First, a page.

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Viewing: RELS 005 C1: Gender,Sexualty,Religion

Last approved: Wed, 22 Aug 2018 19:28:51 GMT

Last edit: Fri, 17 Aug 2018 13:07:18 GMT

First Name Last Name Userid Title Home School Org Short Name
Megan Robb robbme ASST PROFESSOR A School of Arts and Sciences Religious Studies
Fall 2018
Fall 2018
What does it mean to be a gendered individual in a Muslim, Hindu, Jewish, Christian, Buddhist, or Sikh religious tradition? How important are gender differences in deciding social roles, ritual activities, and spiritual vocations? This course tackles these questions, showing how gender – how it is taught, performed, and regulated – is central to understanding religion. In this course we will learn about gendered rituals, social roles, and mythologies in a range of religious traditions. We will also look at the central significance of gender to the field of religious studies generally. The first part of the course will be focused on building a foundation of knowledge about a range of religious traditions and the role of gender in those traditions. This course emphasizes religious traditions outside the West. Although it is beyond the scope of this class to offer comprehensive discussions of any one religious tradition, the aim is to provide entry-points into the study of religious traditions through the lens of gender. This course will emphasize both historical perspectives and contemporary contexts. We will also read religion through feminist and queer lenses – we will explore the key characteristics of diverse feminist and queer studies approaches to religion, as well as limits of those approaches.
FOLK 029 - Gender, Sexuality, & Religion
GSWS 109 - Gender, Sexuality, & Religion
Every Other Term

Foundational Approach

Course usually offered in Fall term
Cross Cultural Analysis
Standing Faculty
Standing Faculty
This course is appropriate for general education as well as part of introductory
1) Recognize and understand religious studies terms.
2) Know concepts key to Islam, Hinduism, Sikhism, Judaism, Buddhism, Christianity, & Sikhism.
3) Distinguish between facts and matters of debate and ambiguity.
Applying Knowledge:
1) Compare and contrast different approaches to gender across religious traditions.
2) Choose a research question and design a program of research.
3) Write a convincing academic research essay.
4) Apply religious studies principles to real case studies.
Learning to Learn:
1) Research to explore interesting issues on your own as a scholar.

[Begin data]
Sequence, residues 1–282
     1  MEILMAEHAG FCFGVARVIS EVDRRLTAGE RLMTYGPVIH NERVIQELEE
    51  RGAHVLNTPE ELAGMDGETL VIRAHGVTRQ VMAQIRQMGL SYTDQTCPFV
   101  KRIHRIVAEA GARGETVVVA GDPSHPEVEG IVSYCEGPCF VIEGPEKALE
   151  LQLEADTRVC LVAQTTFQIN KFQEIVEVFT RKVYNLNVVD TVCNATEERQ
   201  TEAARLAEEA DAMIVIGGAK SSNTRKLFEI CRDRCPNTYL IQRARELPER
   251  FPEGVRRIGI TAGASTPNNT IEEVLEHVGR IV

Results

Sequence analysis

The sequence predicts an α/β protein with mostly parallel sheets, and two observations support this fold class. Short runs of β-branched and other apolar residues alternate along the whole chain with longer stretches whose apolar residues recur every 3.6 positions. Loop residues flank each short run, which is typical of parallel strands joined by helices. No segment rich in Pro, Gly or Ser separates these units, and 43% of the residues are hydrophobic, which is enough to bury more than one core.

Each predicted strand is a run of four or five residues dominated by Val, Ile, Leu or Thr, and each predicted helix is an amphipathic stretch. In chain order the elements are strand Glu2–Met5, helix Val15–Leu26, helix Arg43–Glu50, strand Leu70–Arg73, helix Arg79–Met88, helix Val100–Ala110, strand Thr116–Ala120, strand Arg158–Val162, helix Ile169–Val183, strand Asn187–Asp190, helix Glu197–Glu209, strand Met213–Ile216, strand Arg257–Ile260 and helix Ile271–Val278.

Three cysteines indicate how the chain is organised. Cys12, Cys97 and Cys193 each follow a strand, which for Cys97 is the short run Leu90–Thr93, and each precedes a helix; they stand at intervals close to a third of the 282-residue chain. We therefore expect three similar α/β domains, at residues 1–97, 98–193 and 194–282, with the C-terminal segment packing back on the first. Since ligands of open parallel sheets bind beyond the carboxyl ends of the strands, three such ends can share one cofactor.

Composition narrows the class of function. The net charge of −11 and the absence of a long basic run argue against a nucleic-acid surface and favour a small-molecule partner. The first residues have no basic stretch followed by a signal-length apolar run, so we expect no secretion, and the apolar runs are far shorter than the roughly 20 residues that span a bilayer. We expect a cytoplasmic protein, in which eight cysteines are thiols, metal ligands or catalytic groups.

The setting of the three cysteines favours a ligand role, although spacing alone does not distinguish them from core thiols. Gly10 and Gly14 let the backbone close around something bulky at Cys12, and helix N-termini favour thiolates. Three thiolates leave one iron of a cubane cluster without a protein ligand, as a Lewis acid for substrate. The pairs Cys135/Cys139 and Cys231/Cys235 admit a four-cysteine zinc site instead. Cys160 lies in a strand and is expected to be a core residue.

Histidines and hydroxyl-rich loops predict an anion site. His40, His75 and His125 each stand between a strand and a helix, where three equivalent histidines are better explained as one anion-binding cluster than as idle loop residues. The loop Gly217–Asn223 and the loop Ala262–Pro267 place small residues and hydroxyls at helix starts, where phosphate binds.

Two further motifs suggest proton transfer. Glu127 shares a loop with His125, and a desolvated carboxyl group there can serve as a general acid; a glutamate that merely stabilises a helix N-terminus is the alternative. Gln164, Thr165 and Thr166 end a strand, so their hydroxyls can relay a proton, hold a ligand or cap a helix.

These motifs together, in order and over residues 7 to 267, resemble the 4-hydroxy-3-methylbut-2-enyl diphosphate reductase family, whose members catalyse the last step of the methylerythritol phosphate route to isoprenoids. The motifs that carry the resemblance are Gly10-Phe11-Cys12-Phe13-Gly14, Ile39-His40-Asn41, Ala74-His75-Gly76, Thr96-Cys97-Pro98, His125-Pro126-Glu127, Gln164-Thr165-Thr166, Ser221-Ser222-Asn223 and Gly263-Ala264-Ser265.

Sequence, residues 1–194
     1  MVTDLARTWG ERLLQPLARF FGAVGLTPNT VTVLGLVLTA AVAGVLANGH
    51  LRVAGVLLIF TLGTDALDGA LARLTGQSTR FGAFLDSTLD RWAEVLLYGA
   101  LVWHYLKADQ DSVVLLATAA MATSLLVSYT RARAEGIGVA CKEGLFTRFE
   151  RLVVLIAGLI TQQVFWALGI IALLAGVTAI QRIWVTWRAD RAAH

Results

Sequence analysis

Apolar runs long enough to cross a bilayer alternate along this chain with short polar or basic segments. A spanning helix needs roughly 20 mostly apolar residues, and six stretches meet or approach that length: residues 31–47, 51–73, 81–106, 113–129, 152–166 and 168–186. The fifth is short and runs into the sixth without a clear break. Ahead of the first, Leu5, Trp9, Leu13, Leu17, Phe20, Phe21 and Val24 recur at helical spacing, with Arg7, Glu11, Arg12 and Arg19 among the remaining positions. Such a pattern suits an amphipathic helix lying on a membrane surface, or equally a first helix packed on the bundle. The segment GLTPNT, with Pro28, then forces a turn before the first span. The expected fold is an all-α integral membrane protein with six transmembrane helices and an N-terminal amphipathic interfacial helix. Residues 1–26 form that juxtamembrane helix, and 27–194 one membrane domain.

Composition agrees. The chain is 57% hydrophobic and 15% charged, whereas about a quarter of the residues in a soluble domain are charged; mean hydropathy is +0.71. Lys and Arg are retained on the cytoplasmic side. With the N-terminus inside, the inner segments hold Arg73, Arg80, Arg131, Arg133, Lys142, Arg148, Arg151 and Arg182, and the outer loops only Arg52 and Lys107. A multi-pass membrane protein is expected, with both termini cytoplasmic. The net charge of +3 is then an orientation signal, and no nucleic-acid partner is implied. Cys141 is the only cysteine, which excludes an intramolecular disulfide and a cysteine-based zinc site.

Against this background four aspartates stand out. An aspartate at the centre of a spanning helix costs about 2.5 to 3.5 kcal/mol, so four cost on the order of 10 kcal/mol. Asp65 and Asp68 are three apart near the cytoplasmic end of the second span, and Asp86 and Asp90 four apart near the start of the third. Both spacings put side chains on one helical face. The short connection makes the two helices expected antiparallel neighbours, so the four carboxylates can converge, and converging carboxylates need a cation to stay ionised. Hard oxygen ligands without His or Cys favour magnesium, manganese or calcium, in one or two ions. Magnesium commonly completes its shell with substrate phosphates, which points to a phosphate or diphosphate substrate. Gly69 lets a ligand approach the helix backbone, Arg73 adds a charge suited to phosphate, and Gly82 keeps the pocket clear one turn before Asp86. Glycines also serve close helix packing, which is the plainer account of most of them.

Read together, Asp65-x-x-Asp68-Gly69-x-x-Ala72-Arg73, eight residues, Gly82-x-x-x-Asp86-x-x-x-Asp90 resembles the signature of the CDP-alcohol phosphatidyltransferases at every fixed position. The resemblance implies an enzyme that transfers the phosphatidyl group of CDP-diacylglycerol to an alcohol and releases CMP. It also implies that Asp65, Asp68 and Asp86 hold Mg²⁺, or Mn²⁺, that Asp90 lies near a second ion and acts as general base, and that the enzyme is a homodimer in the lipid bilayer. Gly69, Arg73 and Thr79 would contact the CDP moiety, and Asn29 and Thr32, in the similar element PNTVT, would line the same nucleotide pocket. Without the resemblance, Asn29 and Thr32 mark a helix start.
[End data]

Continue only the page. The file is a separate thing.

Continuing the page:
2) Think like a religious studies scholar.

Methods of Assessment

Essay 1 (20%)
The essay will be 2,000 words (use the word-count feature – about 8 pages double-spaced). Essay guidance is laid out in the syllabus.

Essay 2 (20%)
The essay will be 3,000 words (about 12 pages double-spaced). There will be a choice of question and you may apply the essay to any one or more of the religious traditions covered in the course.
Exams (30%)
There will be two exams. The exams will involve definition of terms and short essay responses.
The mid-term exam is Thursday 18 October. (15%) The final exam date in December will be determined by the registrar. (15%)
You will write short journal entries responding to a question relevant to the reading. The entries should be submitted on Canvas, and each should be around 250 words. (5 journal entries x 4% = 20%)

Journal 1 Due: Thursday, 6 September by 8 AM
Journal 2 Due: Thursday, 27 September by 8 AM
Journal 3 Due: Thursday, 11 October by 8 AM
Journal 4 Due: Thursday, 15 November by 8 AM
Journal 5 Due: Thursday, 29 November by 8 AM

Cross Cultural Analysis

We look at primary and secondary sources written by religious practitioners who are Buddhist, Hindu, Sikh, Muslim, Christian, and Jewish from a variety of national backgrounds. For instance, in each unit we read one theological text that interprets that religious tradition's relationship to gender, and discuss how it varies from the perspective of the secondary literature.
We look at how religious texts inform artwork, literature, and social institutions. We also are concerned with the divergences between the above. For example, we start by reviewing information about Vedic texts in Hinduism, then we look at a variety of artwork the represents those texts in divergent ways; then we look at social institutions that fall within the category of Hindu without engaging with those texts at all. We grapple with the task of allowing for the full range of expression of Hindu religious traditions.
We are in particular interested in the relationship (or lack of relationship) between text and ritual in this class. Rituals discussed include dress, ceremony, song, and dance. Texts discussed include religious texts and interpretive literature inspired by texts.
We close read texts together, and writing assignments require them to do close readings of those texts. We look at artwork to analyze the components of that artwork together, and class conversation allows them to practice critical analysis of new images together. I give feedback in the form of written feedback and oral feedback about the nuance of their analysis, to contribute to their training in sensitive and critical cultural analysis. We read articles about controversies relevant to contemporary social institutions that are relevant to gender and religion, and through writing assignments they are required to interpret their behavior. I give them feedback on this analysis in writing and orally in class to model appropriate critical thinking

Cultural Diversity in the US


Quantitative Data Analysis


Formal Reasoning


Administrative Fields

Key: 789